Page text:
While Gen Z has the largest percentage of people planning to cut down on shopping online, this demographic still chalks up a net increase of 11%. Likewise, Gen X sees a 16% net increase in online shopping activity. The only age group to show a net decrease are the Boomers; 12% plan to shop online less versus 6% who plan to shop more (that’s a net 6% reduction). 

It could be significant that people in this demographic are the most likely to agree it’s important to support local retailers (81.5%). With that said, Gen Z are the least likely to say shopping locally is important (67%) so it doesn’t seem to be a big contributing factor in their decision to return to shopping IRL.

Men are planning to boost their online shopping activity

But intent to shop online or offline isn’t just driven by age, it’s driven by gender too. The data shows that men are more likely to maintain or increase their online shopping activity than women. 

A third of men plan to shop online more (33%), while 9% plan to shop less. That’s a net increase of 24% in male online shopping activity. On the other hand, 21% or women plan to shop online more and 12% less, resulting in a much smaller net increase of 9%. 

Looking at the categories, men show stronger commitment to shopping online for things like sports and hobbies (65% versus 59%), gifts and flowers (59.5% versus 53%) and electronics and home appliances (64% versus 58%).

Men are also notably more open to taking out a new product subscription this year (33% versus 23%). When asked if they agree that they generally prefer online shopping, 62% of men say they do but this doesn’t differ too significantly from the 59% of women who also agree.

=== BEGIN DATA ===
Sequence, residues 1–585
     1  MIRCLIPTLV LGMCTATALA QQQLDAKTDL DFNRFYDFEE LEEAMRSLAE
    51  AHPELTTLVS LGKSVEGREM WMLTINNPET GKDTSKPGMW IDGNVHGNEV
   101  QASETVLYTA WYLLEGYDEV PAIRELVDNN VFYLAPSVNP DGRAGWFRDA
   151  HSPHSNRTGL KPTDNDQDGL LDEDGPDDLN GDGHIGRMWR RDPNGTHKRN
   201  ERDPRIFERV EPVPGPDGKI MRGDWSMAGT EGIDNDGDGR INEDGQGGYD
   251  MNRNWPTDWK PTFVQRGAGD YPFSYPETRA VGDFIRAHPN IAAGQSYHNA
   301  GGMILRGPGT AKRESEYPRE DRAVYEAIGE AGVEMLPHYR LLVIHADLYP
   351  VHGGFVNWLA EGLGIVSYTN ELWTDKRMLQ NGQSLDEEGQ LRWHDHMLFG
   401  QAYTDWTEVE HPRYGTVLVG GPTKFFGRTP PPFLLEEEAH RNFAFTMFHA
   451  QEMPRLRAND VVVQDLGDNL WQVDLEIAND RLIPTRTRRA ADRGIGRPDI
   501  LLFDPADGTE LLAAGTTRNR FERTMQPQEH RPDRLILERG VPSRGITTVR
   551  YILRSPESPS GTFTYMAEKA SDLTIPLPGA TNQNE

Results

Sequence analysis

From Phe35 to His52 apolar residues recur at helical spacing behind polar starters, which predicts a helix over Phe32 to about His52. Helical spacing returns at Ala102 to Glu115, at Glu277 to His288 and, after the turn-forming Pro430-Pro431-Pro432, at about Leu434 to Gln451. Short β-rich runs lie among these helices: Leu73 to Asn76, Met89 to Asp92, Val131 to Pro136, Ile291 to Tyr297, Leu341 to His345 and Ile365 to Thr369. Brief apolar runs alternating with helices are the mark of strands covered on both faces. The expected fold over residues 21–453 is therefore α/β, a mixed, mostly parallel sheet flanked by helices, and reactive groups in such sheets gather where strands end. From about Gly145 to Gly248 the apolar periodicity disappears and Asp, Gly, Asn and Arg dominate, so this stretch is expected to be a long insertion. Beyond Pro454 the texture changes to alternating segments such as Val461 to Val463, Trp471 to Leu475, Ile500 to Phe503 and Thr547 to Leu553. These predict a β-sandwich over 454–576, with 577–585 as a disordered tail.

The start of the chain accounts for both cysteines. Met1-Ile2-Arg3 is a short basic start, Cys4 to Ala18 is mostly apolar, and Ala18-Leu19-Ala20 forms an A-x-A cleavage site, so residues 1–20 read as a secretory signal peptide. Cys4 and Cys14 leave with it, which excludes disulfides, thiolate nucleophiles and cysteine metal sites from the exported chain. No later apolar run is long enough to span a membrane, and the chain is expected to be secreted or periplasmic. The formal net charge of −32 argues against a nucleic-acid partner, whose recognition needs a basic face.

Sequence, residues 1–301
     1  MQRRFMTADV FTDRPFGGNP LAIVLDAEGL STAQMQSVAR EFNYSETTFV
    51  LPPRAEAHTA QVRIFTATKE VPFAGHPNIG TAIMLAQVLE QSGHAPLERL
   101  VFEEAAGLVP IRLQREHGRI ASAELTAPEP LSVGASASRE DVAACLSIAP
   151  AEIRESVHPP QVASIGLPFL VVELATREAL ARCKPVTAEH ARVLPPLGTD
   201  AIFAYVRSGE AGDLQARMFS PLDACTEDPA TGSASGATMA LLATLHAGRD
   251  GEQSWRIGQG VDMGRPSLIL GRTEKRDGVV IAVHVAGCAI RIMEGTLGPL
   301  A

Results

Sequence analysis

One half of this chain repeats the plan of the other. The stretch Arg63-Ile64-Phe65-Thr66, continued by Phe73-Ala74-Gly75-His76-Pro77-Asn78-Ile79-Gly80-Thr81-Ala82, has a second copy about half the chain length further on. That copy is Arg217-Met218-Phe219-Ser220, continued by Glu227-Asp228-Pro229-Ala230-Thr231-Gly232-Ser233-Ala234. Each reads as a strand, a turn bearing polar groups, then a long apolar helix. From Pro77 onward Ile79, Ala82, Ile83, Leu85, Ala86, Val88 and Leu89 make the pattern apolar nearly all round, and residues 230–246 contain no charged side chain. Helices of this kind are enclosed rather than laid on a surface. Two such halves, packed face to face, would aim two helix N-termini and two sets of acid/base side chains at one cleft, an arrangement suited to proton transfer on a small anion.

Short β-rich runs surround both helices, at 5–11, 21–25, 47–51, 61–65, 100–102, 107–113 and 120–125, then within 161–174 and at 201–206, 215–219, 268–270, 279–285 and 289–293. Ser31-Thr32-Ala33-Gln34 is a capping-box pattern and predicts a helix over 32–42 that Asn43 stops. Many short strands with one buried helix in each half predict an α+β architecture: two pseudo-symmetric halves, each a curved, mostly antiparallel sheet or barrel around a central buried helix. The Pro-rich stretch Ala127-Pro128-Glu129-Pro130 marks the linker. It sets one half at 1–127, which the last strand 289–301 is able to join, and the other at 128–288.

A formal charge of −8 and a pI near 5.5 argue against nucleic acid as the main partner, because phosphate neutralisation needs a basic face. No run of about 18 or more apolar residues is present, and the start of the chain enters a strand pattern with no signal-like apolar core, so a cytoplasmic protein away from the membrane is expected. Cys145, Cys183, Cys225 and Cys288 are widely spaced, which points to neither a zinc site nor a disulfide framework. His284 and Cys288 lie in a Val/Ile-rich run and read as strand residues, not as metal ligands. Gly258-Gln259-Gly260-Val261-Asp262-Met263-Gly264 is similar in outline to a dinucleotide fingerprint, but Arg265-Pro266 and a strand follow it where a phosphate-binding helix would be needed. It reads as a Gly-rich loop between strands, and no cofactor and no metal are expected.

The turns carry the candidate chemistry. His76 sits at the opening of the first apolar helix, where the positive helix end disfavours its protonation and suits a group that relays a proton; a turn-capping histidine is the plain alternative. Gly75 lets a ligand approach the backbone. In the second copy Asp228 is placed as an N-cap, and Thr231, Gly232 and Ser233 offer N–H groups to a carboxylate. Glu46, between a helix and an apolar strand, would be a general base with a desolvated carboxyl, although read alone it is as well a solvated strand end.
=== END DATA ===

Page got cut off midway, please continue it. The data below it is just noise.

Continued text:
Midwesterners keenest to get back to shopping in physical stores

Which region you live in also appears to influence whether you prefer shopping online or offline. People who live in the Midwest are the least likely to maintain their online shopping activities once everything is back to normal.

While 19% of Midwesterners plan to increase the amount they shop online, 8% plan to cut back, meaning there will be a 11% net increase in online shoppers – the smallest increase in all the regions. On the other hand, the Northeast will see a net 27% increase in online shoppers, making it the strongest region for online shopping.

Northeasterners prefer shopping online in 5 out of 9 categories, whereas midwesterners only prefer shopping online for sports and hobbies. Indeed, people in the Northeast are significantly more likely to agree that they generally prefer shopping online (67% versus 52%). Meanwhile, they also remain more open to taking out new product subscriptions this year (34% versus 24.5%).

This Northeast/Midwest divide could be down to the fact that the Northeast is much more densely populated than the Midwest, meaning ecommerce logistics are better. What’s more, far fewer people own cars in the Northeast so it’s likely easier for many people to order things online and have them delivered to their homes.

Bel Booker

Senior Content Writer 

Bel has a background in newspaper and magazine journalism but loves to geek-out with Attest consumer data to write in-depth reports. Inherently nosy, she's endlessly excited to pose questions to Attest's audience of 100m global consumers. She also likes cake.